Auctions are a great way to see what exactly is available on the buy-to-let market without the drawn-out and uncertain buying process.
But, buyers beware, as soon as that hammer hits you're locked into a payment - so make sure you're prepared to pay for what you bid on.
To an outsider, they may seem like a place where gavels are slammed and it's all a case of nods and winks, but interested individuals should try and actually sit in on one to know exactly how one works.
Why buy a property at auction?
Auctions are often favoured by people looking for properties at the more unusual end of the spectrum or properties that estate agents wouldn't necessarily know how to sell.
However, they aren't just popular with people who have an eye for a bargain and expert auction-goers. Over the last ten years, they have become increasingly popular with regular buyers looking to speed up the process or avoid chains.
The sale is finalised within a matter of minutes rather than the usual long, lengthy process.
This, of course, will mean that you need to prepare in advance. A few weeks before the auction, you should order a brochure from the auctioneer to see what is being sold and any early targets can be identified.
During this time, you can arrange a viewing and carry out further research if any of the properties takes your fancy.
It's a transparent sales process
With auctions, there are no last minute deal-breakers. As mentioned earlier, the sale is agreed the minute the hammer hits the table, so there's no risk of the sale falling through in the final stages.
You can also see and hear the other bidders - so you can outbid them immediately if you wish to do so.
Finding an auction
Once you have decided on a location you're interested in, contact the auction houses that operate in that area and ask for a catalogue. They might also have a mailing list that you can sign up to, this way you'll get a list of properties as soon as they are advertised.
It's worth keeping in mind that there is usually a four week time frame between the publication of the catalogue and the auction itself - so get your viewings in sharpish!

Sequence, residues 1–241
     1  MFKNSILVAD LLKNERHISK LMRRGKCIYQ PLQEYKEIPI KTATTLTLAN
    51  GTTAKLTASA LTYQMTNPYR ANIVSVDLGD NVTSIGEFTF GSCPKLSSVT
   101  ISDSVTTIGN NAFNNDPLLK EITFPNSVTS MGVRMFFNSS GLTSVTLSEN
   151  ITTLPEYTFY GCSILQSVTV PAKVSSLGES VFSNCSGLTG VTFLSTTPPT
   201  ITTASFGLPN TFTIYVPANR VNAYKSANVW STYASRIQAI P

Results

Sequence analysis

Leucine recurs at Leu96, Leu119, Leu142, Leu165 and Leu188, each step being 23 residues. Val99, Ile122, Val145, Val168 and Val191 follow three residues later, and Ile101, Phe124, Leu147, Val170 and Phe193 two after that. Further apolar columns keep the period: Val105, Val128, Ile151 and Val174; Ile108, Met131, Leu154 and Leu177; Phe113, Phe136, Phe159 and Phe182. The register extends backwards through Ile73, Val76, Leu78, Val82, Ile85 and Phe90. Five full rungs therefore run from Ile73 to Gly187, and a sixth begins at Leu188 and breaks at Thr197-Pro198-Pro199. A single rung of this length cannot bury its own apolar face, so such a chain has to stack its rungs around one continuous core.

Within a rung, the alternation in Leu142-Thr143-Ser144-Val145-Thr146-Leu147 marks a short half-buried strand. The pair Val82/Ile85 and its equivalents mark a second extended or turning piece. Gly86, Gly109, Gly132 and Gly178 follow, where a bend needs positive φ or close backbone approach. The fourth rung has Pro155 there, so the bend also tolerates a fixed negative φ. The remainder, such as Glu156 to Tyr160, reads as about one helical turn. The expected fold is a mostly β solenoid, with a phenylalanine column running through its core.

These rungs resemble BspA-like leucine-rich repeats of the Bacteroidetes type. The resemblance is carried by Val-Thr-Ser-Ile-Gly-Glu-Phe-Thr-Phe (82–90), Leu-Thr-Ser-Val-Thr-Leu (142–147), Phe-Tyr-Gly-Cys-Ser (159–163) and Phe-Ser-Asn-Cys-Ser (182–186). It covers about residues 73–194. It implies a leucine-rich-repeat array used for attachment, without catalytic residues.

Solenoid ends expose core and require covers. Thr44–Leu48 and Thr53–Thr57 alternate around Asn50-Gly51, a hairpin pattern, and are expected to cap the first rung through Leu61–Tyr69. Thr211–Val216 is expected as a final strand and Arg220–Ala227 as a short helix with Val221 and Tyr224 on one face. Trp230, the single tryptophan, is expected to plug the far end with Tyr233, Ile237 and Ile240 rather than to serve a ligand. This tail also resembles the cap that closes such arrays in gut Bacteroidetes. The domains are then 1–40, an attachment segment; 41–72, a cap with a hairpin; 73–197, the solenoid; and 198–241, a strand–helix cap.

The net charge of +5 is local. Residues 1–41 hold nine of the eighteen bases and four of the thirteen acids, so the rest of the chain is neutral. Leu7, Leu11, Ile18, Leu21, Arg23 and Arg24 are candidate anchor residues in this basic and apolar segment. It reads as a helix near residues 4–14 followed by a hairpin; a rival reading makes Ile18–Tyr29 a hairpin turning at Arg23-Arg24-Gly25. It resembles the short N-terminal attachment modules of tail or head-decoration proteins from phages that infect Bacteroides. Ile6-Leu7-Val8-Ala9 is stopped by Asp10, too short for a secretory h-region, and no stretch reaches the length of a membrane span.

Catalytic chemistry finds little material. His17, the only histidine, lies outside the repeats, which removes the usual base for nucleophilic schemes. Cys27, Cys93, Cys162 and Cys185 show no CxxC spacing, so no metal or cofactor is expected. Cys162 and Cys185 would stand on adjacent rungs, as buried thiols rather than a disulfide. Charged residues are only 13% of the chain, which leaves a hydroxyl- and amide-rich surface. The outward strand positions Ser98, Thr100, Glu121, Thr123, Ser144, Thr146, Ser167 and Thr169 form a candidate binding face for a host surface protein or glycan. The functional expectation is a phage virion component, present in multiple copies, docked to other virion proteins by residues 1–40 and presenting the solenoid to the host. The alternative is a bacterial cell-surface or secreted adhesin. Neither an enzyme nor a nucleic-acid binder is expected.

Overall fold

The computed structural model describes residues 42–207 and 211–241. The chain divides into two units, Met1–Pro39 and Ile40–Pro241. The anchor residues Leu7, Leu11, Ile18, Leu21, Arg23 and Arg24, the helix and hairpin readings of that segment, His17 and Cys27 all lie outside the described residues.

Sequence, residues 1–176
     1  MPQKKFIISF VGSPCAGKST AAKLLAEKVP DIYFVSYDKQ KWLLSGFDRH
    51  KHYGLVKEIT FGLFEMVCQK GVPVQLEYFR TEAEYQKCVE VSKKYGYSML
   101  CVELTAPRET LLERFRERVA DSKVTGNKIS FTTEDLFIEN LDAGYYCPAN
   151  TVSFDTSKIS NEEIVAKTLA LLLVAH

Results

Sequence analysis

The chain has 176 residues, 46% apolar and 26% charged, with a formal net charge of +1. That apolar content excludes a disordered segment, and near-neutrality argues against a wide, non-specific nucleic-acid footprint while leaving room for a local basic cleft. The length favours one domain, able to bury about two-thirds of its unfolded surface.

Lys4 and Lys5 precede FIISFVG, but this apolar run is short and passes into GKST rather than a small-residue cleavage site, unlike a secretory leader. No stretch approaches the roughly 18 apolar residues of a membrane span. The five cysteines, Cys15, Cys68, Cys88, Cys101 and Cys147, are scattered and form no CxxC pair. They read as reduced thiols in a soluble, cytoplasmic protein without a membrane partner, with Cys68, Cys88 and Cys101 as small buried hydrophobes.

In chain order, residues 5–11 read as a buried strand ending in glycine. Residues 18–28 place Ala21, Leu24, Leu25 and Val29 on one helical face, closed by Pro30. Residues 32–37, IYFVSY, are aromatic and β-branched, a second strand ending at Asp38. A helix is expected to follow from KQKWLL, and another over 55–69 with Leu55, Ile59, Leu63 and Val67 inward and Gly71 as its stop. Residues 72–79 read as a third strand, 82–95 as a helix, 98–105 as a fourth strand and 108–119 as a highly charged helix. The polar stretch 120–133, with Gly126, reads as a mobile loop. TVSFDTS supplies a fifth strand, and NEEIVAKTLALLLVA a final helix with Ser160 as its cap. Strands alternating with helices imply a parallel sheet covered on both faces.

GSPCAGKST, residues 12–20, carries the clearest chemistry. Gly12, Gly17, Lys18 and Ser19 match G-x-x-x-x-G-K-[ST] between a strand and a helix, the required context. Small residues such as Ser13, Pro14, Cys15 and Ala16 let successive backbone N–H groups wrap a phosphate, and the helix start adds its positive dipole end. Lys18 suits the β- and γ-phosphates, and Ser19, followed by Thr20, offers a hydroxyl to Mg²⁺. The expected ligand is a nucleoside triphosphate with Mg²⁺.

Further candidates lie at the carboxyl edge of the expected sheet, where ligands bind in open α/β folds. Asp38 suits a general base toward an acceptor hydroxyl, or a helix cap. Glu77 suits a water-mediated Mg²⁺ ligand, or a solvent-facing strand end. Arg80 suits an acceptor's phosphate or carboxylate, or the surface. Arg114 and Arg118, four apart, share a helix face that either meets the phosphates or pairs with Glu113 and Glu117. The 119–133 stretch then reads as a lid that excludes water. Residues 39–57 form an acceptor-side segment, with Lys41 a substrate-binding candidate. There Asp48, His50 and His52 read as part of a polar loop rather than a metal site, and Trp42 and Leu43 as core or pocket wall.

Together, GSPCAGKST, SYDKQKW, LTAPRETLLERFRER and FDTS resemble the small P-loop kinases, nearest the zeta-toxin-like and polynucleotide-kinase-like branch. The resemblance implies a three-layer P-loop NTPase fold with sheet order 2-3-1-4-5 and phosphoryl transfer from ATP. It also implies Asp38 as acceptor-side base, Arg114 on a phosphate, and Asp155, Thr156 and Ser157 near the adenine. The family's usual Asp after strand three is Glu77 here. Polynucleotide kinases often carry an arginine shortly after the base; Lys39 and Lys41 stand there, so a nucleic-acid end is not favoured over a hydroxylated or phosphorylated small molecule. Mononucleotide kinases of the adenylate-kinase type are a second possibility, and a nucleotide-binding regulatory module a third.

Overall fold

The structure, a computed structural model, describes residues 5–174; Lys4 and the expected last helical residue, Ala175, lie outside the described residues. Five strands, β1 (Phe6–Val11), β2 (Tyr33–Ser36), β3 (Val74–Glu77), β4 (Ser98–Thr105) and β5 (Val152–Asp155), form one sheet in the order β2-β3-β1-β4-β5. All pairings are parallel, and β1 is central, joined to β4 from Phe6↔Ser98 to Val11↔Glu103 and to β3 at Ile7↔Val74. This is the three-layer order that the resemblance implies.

Study the catalogue and shortlist the properties that you are interested in.
Then contact the auction houses and make arrangements to view the properties.
Be open-minded. Auction properties can be in a considerably different state to those advertised on real estate portals and estate agent websites.
Consider getting an expert opinion. An architect or a builder could give you a good idea of how much would need doing to the property and how much it could cost you.
Don't trust the guide price. The advertised price is not a set price and it is usually set low to entice buyers and draw interest to the auctions.
Be prepared to pay more. In order to get a good estimate of what the property is worth, ask a local estate agent, compare it with similar properties in the same area and set a realisitic price.
Note that this can take up to three weeks to process, with the risk of also losing a deposit, if you don't get the property or choose to change your mind.
When the sale is agreed you will be asked to pay 10%, you will then have a month to pay the remaining 90%. If you cannot pay you will lose your 10% deposit. You may also be liable to cover the costs of the resale.
Decide your final price (and stick to it)
As exciting as it may be, try and avoid getting into a bidding war - or you could end up paying more than the property is worth.
When the bidding begins, strike the right balance. Put yourself out there and avoid hesitating, but at the same time don't get carried away.
If you have a top price established for yourself, make sure you do not go beyond it as accessing the funds for it may be tricky, and a bank will more likely lose their trust and confidence in you if you go asking for more money.
On the other hand, your desired property may sell at a lower price than originally requested so always be ready to negotiate the asking price.
Consider getting a survey
Make sure you know what you're bidding on. The last thing you want is to invest in a property that isn't structurally sound, is considered a health hazard or get it condemned by the council after the sale. Not only will you loose your deposit, but you'll also be out of pocket, paying for the demolition of your newly bought property.
Go through the legal pack with a fine toothed comb
Auctioneers will provide you with a legal pack for the properties that you have registered interest in. This will include details of the deeds, local authority, fixtures and fittings, seller's information, leasehold informtation and environmental searches.
Consider getting your solicitor to look through it for you. They may discover loopholes that could end up costing you more than you bargained for.
If you've already invested money into researching the property and carrying out a survey and you happen to lose the auction, you will subsequently loose this money too.
There's also a risk that the property you have spent time and money looking into, may have been bought before the property has even gone to auction.
How much does it cost?
While buying a property at auction is usually cheaper than going through an estate agent, you will also incur some additional fees.
You will also have to pay your solicitor or conveyancer to survey the property before you decide to bid on it. They will make sure the property is in good enough shape to buy and could save you thousands of pounds in the long run.
Like any property purchase, you will have to pay stamp duty.
You will also be responsible for insuring the property.
The auction house will take an administration fee - this is typically between £200 and £300.
Even though auctions can be a bit daunting, they are a great way to nab commercial property quick.